Review Price free/subscription
Having a look around the chassis there’s a vast array of ports and connectors. On the left is a 7-in-1 memory card reader, a single Type II PC Card slot, four USB 2.0 ports, two four-pin FireWire ports, an S-Video output, line-in, microphone, headphone and S/PDIF ports. At the rear you’ll find an Ethernet port, the modem socket, PS/2 port, parallel port, serial port and a DVI output. There’s no D-SUB output, but MV does supply an adapter in case you want to connect the Ixius to a monitor with an analogue input. There’s also a rubber bung hiding an S-Video input that’s labeled with a camcorder picture, and what looks like a composite video input, labeled cable TV.
The right side of the chassis is dominated by the optical drive bays, yes that’s right, I said bays. The Ixius can accommodate two optical drives if you desire such a configuration, although the review unit only had the top bay populated.
Performance was, unsurprisingly, excellent from the Ixius, and it turned in some of the fastest 3D scores I’ve ever seen on a notebook. If you’ve read my Mobile Battle Ground article, then you will know that the pre-production Mobility Radeon X800 notebook I looked at produced higher scores than the Ixius, but I am willing to hold off any firm judgement until I have retail samples featuring both chipsets. So, as far as products that you can buy here and now go, the Ixius is the fastest gaming notebook to make its way into the TrustedReviews labs.
Since it appeared that the GeForce GO 6800 chipset had been clocked quite conservatively we decided to tweak it a little and see how it affected the benchmark scores. Bumping the core speed up to 330MHz and the memory up to 350MHz (700MHz effective) produced some interesting results. In both 3DMark03 and 3DMark05 the scores actually dropped with the GO 6800 running at the higher clocks. In fact, if you look at the graphs you’ll notice that the scores remain either the same or drop with the graphics chip overclocked in most of the tests. The one exception is Doom 3, which saw a decent performance increase at the basic 1,024 x 768 resolution.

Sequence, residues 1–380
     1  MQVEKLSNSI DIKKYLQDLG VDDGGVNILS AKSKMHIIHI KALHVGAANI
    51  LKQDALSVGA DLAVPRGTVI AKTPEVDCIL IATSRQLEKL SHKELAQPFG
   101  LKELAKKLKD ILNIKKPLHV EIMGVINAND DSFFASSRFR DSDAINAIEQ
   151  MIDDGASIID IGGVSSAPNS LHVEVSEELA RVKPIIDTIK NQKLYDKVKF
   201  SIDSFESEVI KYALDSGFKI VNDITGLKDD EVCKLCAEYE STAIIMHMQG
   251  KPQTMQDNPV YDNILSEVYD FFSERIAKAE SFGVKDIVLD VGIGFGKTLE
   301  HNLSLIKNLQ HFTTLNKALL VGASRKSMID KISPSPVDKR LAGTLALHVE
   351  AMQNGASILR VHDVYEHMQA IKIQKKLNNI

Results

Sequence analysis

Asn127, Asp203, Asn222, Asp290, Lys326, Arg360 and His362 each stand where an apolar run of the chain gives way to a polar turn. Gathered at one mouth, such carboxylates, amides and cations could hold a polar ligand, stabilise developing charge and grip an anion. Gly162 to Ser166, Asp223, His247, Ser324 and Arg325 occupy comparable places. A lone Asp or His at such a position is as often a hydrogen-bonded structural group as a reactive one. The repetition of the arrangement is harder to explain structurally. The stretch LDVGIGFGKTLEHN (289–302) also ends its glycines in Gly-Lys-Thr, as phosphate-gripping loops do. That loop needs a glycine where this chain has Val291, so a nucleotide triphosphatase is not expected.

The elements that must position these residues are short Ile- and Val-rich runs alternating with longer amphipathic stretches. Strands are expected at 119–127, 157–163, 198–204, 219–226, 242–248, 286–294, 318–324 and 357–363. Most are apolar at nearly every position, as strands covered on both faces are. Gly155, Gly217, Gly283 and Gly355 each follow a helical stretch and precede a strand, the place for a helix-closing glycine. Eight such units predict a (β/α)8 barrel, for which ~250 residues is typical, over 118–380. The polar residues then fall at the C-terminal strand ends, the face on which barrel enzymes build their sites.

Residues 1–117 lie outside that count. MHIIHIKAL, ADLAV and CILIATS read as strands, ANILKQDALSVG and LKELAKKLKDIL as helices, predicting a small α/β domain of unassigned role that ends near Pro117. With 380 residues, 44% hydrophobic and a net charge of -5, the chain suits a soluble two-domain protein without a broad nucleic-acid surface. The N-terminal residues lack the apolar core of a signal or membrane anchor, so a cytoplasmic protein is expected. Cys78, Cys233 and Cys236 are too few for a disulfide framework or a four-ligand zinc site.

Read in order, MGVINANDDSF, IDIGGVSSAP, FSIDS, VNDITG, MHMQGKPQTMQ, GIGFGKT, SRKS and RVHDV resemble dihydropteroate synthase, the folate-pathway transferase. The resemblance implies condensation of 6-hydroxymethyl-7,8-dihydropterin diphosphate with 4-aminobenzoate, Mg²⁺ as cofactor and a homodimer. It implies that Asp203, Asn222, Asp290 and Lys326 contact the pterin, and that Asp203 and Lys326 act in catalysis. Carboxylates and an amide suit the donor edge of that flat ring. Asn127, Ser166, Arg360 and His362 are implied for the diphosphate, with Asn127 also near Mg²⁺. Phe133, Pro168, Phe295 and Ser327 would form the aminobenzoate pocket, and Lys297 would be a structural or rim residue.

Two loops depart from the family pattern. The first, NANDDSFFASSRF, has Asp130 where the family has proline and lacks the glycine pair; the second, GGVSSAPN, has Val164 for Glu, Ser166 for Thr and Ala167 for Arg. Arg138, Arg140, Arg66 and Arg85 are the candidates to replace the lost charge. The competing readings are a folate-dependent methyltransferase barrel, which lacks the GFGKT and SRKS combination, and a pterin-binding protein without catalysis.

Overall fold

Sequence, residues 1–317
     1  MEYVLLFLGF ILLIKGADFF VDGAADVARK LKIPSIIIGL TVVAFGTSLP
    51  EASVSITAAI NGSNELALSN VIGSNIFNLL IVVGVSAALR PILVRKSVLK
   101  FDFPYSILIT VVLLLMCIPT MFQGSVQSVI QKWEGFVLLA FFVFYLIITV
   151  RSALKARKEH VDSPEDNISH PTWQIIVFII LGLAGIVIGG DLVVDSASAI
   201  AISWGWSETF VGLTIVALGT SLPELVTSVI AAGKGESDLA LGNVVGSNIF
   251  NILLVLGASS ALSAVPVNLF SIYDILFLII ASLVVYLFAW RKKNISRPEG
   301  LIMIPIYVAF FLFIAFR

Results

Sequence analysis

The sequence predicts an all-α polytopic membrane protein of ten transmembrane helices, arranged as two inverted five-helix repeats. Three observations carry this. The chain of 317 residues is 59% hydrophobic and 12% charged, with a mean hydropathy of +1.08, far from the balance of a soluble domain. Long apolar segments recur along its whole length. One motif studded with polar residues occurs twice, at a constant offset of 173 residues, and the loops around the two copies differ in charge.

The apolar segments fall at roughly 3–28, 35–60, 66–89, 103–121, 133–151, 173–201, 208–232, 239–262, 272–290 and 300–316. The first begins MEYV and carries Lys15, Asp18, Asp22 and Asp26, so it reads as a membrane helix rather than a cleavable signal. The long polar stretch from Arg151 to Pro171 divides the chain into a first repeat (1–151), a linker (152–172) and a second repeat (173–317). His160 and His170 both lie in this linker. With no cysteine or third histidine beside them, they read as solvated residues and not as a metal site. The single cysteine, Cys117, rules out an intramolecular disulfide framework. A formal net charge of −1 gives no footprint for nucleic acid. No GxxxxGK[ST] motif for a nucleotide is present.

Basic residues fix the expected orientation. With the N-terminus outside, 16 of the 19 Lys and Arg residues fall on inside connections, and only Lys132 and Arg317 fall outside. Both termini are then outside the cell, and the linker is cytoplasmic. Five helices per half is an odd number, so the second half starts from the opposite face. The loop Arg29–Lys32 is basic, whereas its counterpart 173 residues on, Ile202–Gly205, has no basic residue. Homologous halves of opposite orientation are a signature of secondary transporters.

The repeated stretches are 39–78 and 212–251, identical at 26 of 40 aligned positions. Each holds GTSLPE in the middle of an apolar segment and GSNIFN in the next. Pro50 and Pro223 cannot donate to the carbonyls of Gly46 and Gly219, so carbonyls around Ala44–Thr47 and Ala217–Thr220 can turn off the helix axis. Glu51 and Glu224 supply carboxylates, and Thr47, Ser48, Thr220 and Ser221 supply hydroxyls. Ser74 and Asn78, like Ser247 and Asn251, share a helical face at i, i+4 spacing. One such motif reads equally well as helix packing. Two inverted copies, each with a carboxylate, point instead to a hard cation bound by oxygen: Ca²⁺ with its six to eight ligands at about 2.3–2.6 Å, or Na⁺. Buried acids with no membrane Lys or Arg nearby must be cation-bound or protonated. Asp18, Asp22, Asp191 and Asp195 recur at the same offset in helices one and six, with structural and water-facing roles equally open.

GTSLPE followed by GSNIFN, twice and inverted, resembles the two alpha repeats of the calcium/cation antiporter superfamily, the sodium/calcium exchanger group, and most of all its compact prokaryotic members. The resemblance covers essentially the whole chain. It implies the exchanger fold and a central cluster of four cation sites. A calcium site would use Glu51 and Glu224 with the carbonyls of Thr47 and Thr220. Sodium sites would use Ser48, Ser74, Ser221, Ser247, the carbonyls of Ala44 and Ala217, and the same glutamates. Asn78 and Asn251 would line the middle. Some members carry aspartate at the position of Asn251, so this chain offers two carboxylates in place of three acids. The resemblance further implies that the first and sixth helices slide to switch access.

One reason for the reduced performance could be that the Ixius is getting too hot and the hardware is being throttled to compensate for the excessive heat. Just sitting here typing on the Ixius I can feel the heat radiating through my wrists, and I’m not doing anything particularly stressful to the hardware. Fire up a game and the fans spin up quite loud in an attempt to stem the heat, but it would appear that the 275MHz core and 300MHz memory clocks are about as far as this chassis will comfortably go.
Despite the reduced performance when overclocking, the Ixius really is an amazing gaming notebook that produces numbers that high-end desktop machines would have been proud of not too long ago. But when it comes to 2D performance, the Ixius is still eclipsed by the blisteringly fast Rock Xtreme!, showing that the extra cache on the Pentium 4 Extreme Edition more than makes up for a lower clock speed. We didn’t bother to run Mobile Mark since it traditionally won’t even complete on this type of notebook, which is fair enough since battery life is unlikely to be of major concern to the target customer.
MV has done a good job with the audio, and the integrated speakers produce loud and clear sound effects. Even if you wanted to use the Ixius to listen to music, the integrated speakers do a pretty good job, although as always with a notebook, they lack a certain degree of bass.